Some of the long-range computer weather models have been forecasting that the next few weeks will become quite active in the tropics. For those on the East Coast and Connecticut, that can only mean one thing: Let the hurricane watching, speculating, and hyperventilating begin.
It’s not necessarily a theoretical issue either. Today marks the 55th anniversary of the devastating floods arising from Hurricanes Connie and Diane. A hurricane may not happen with frequency in Connecticut, but when one hits, it tends to have a pretty big impact. (The last major hurricane to hit Connecticut directly was Hurricane Gloria back in 1985.)
However, for employers, now is the perfect time to dust off the storm preparation plans and ensure that you understand the rules ahead of time.
It is a topic that I’ve touched on each hurricane season (see prior posts here, here and here) so I thought that this year, I would share another article that I’ve seen in the past that provides a great foundation for employers.
It was published by (where else) the Florida Employment Law Blog (featuring some of my former colleagues as well).
Among the tips provided:
- Identify and notify those employees you believe should be deemed “emergency services personnel” who will be required to work during a storm or evacuation order. Make arrangements for providing these employees with food and shelter. Make sure to have procedures in place for evacuation of these employees in the event the hurricane or other disaster causes the workplace to become unsafe.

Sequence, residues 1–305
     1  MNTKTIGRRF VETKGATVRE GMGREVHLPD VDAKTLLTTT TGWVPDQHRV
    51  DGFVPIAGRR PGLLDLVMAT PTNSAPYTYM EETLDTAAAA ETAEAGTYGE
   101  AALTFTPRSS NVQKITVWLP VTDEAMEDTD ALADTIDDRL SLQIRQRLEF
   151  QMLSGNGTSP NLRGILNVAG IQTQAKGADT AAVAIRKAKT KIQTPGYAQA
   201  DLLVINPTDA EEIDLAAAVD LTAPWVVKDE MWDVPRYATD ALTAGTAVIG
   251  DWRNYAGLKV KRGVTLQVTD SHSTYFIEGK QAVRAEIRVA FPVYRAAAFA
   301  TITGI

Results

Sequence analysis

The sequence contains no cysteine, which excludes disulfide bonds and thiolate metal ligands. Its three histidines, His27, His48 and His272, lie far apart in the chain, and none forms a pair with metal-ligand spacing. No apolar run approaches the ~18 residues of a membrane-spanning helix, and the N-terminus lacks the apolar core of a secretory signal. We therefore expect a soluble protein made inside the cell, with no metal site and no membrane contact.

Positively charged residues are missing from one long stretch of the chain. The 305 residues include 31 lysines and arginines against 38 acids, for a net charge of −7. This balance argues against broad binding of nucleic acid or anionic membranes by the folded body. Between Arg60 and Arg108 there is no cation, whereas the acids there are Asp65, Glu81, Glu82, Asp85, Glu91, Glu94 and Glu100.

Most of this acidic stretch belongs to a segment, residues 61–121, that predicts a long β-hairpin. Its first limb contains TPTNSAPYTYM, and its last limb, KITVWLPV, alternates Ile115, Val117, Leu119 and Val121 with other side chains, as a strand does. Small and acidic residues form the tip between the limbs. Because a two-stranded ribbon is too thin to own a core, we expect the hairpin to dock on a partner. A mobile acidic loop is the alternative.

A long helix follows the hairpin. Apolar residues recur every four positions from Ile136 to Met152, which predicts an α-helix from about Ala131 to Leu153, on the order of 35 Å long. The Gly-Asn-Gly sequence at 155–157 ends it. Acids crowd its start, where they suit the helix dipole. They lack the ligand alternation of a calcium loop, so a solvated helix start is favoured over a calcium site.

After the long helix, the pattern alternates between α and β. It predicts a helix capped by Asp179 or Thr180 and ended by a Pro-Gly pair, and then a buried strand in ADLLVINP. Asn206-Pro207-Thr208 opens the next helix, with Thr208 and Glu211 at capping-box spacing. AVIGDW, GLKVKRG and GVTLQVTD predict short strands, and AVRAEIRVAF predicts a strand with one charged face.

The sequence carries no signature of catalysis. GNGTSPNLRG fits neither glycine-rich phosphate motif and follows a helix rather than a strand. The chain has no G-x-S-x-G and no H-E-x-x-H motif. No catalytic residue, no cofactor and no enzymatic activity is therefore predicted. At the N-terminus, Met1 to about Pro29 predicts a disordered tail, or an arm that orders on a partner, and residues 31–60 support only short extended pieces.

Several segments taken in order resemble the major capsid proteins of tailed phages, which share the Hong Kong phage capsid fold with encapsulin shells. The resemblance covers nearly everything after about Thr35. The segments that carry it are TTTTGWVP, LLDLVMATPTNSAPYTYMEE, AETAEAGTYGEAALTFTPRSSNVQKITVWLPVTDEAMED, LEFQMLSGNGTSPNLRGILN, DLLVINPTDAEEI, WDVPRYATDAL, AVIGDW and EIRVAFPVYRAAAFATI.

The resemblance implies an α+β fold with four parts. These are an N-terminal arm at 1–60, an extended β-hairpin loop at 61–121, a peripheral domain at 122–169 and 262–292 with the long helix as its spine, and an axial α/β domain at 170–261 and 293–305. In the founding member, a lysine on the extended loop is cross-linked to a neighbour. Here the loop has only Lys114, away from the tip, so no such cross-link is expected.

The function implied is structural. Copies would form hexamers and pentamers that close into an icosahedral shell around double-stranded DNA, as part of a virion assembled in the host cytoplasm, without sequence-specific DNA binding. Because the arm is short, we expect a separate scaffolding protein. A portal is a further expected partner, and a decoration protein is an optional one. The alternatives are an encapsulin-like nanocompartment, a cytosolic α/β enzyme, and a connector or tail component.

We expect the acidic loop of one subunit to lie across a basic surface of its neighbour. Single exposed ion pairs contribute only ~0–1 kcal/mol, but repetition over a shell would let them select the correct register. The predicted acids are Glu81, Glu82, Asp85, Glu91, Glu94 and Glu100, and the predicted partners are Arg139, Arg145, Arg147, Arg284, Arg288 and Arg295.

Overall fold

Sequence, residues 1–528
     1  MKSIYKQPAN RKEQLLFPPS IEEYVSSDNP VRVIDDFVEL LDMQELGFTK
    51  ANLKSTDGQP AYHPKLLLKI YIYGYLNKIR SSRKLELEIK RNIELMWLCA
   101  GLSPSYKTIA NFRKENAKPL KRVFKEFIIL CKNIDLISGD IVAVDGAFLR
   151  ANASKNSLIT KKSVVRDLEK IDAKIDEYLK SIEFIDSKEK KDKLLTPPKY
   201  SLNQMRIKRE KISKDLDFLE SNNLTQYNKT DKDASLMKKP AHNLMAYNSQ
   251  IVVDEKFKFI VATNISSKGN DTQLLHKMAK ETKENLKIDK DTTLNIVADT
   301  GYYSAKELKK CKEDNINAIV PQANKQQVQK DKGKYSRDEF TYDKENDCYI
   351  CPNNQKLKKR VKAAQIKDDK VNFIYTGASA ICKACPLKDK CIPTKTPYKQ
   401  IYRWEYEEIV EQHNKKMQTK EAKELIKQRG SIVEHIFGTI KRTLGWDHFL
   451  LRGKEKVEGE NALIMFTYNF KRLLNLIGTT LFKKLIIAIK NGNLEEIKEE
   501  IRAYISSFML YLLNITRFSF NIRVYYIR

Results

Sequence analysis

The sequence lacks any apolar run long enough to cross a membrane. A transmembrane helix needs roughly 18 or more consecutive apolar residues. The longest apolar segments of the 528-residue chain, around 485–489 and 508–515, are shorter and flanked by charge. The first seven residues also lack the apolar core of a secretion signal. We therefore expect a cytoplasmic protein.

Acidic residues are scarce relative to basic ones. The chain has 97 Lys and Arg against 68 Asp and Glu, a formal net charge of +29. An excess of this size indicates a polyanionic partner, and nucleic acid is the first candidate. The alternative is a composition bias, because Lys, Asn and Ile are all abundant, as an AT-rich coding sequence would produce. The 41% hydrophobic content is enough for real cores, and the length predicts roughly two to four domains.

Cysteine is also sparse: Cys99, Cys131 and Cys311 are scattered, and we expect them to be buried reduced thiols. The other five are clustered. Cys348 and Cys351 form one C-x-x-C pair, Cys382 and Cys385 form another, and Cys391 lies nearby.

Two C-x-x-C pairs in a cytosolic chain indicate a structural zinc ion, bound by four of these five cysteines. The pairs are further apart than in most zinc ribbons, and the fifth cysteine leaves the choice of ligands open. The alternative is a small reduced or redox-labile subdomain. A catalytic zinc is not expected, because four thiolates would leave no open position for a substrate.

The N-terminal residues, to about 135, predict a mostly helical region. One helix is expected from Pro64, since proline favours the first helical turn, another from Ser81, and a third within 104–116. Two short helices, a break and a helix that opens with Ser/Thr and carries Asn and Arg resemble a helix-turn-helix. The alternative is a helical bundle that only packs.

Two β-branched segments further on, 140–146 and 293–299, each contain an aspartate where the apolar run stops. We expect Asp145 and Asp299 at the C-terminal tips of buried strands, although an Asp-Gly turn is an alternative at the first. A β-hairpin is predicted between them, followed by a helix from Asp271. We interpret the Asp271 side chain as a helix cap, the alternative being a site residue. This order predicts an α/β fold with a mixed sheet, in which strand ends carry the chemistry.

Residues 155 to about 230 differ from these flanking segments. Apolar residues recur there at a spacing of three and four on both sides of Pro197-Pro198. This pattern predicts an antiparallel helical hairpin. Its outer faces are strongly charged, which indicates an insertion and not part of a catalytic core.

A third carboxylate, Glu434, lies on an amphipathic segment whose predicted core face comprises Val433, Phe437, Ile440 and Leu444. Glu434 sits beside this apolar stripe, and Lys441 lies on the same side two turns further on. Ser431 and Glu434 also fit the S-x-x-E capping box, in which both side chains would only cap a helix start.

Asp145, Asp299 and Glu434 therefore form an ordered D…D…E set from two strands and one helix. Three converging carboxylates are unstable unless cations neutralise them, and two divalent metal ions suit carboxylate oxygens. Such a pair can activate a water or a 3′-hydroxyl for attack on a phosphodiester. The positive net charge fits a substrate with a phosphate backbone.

- Identify your “essential employees.” These are employees that you cannot require to be at work during a hurricane or evacuation but you believe are vital to the continued operations of your company. Determine what incentives you can provide these employees to entice them to work during a disaster or to return to work as soon as possible. These incentives can include shelter, hot meals, fuel, as well as arrangements for family members.
- Establish a contingency plan to address the needs of those employees who may be temporarily living in company facilities during a storm or disaster. Ensure you can provide such necessities as gas, food, and shelter to these employees.
There are lots of other practical suggestions in the post as well. While the seas are calm, and a hurricane is still just an idea in a computer forecast model, take a bit of time to update your plan of action. If and when a hurricane hits, you’ll be ahead of the game.
(Incidentally, the image is the cover a out-of-print children’s novel entitled "Flood Friday" by Lois Lenski, in which she recounts the story of an 11-year-old affected by the Floods of 1955. If you can find a copy at your local library, I’d recommend it highly for your family.)